Putting security in a business context can help employees be more cautious with their organization’s resources
In my first blog I would like to give my perspective on how to spread security awareness among employees. No matter how geeky an audience is—working in a product-based company, a technical solution provider or service provider—at the end of the day a human is a human. Technology has a role to play, but not everything is dependent on it, those who are using the technology are the prime targets from a bad guy perspective. Look out for the weak spots—human emotions, someone’s busy schedule, etc. are some of the top factors to exploit.
When I schedule a security awareness session or a new-hire orientation, I always start by showing them an image of a laptop and I ask, “What do you see on the screen?” In my last session, the responses ranged from, “It’s a laptop,” to “It’s a laptop with bunch of applications,” “It’s a machine,” and “It’s a system.” I agreed with what they said but then told them why I asked this question: I appreciated each one of their responses and added a context that it’s a business laptop, it’s a business system, it’s a business machine or it’s a business asset.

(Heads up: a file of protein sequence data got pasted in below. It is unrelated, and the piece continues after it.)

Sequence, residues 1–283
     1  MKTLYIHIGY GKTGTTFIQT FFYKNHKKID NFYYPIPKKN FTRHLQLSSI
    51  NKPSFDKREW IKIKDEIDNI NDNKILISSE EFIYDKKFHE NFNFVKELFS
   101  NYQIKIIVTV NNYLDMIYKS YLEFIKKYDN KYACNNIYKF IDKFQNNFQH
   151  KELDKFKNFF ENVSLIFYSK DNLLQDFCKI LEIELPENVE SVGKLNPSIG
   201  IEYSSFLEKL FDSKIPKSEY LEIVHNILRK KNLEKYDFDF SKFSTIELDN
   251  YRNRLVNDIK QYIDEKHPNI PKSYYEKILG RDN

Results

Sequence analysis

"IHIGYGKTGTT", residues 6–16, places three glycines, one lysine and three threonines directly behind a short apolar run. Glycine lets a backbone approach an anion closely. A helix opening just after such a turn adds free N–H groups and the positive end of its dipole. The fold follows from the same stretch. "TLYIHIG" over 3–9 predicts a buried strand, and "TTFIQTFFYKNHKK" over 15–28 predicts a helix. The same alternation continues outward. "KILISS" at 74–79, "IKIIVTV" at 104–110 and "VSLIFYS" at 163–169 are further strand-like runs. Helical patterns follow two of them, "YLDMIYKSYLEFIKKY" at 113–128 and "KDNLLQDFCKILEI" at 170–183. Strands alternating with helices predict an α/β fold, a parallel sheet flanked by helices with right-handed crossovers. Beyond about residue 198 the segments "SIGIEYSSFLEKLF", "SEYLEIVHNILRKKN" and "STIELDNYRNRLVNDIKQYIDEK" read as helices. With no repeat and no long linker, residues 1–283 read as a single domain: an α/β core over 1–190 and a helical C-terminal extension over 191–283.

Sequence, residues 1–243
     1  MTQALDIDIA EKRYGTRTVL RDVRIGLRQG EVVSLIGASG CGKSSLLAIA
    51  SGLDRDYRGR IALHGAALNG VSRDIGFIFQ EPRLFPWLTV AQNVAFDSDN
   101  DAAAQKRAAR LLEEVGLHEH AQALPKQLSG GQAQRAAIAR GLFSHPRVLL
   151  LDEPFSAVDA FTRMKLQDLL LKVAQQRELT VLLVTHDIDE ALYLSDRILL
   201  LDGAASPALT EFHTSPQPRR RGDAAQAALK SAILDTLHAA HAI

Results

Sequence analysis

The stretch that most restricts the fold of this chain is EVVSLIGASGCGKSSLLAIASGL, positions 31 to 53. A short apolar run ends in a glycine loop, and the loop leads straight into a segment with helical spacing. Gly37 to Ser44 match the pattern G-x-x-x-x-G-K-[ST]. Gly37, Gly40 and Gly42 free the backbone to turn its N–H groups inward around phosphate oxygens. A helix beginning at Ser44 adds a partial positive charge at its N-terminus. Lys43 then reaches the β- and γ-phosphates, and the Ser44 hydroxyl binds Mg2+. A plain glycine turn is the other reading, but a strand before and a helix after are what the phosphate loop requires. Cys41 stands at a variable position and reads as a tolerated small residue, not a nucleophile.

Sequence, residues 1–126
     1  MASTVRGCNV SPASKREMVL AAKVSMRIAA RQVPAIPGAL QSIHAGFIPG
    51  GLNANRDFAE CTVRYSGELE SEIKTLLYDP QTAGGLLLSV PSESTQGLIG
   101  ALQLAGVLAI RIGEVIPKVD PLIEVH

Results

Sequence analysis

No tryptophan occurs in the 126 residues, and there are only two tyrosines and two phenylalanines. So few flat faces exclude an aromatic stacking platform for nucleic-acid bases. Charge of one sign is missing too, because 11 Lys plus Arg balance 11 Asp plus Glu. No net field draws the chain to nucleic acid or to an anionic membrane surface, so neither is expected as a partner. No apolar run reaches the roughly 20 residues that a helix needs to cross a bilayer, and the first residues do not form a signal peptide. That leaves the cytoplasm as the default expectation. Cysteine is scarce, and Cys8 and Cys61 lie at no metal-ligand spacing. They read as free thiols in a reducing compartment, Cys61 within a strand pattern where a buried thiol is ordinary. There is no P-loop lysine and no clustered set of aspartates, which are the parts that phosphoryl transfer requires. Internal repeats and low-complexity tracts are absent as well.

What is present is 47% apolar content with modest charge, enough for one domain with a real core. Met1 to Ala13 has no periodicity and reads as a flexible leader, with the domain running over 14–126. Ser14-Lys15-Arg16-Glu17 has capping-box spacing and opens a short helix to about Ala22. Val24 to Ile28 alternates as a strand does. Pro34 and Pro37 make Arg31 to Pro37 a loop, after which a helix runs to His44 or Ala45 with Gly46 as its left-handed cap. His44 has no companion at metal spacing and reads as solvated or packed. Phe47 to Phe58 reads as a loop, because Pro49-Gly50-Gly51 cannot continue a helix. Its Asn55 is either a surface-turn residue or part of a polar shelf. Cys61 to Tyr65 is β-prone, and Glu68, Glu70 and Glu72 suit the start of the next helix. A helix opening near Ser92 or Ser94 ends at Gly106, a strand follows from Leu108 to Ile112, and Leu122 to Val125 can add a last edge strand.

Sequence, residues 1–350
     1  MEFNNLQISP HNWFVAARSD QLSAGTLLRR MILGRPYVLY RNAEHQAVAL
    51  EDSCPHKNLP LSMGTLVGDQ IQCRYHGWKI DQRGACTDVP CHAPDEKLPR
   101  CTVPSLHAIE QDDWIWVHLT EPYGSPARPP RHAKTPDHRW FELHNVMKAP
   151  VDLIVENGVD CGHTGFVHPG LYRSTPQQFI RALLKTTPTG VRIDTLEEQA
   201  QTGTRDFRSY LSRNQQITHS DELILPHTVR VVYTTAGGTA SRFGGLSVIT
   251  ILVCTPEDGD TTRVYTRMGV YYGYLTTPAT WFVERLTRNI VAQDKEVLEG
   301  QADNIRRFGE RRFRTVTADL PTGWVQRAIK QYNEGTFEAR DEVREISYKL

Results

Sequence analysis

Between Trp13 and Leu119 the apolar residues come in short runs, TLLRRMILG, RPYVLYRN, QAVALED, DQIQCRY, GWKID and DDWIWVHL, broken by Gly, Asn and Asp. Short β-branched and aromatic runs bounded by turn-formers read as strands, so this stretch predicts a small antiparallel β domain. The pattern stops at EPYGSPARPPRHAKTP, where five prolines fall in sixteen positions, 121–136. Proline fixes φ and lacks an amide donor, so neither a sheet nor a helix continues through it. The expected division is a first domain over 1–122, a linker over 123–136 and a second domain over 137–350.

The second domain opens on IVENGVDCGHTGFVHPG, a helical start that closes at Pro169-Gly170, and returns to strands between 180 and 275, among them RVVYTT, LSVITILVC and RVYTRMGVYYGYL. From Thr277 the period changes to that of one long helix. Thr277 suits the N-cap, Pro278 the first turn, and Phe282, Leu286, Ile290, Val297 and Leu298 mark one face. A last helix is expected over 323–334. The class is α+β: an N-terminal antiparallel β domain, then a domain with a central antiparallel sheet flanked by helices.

They told me they never thought this way. The rationale behind framing it in a business context was because it must be used with the utmost care, I told them. If we lose the business laptop, then it becomes a physical security incident; if we don’t pay attention while accessing websites or an email and a machine gets compromised, then it becomes a security incident. Humans play a big role in security and that’s why the human firewall concept must work in an efficient manner.
Security is a shared responsibility and we all must clearly understand that. My example was part of a single slide with the image, which I used to set up the context. I was not out to prove them wrong; I was simply giving them an additional perspective to help them change their thought process.
Right from day one, employees must understand that they may lose their job if they don’t adhere to company policies and put company’s data at risk. As Sun Tzu said in his book “The Art of War”: “If words of command are not clear and distinct, if orders are not thoroughly understood, the general is to blame.” Instructions must be very clear at any point in time—which, from an organization perspective, is the job of the security officer, who is providing the training.
It always boils down to fundamentals and it applies to any field. Fundamentals must be very clear as to what we are doing. Before clicking on a web link, users must decide whether it’s safe to do so. An organization’s culture should encourage employees to get help if a particular link is safe to click—asking peers, reaching out to the InfoSec folks or cross-checking with their respected managers can save someone from making a grave mistake.
Employees must distinguish a business laptop and a personal one. By doing this we are paying full respect to the organization that has trusted us that we will maintain the integrity of company’s data, will not misuse the resources and always abide by the policies.
Staying vigilant, staying secure is the key!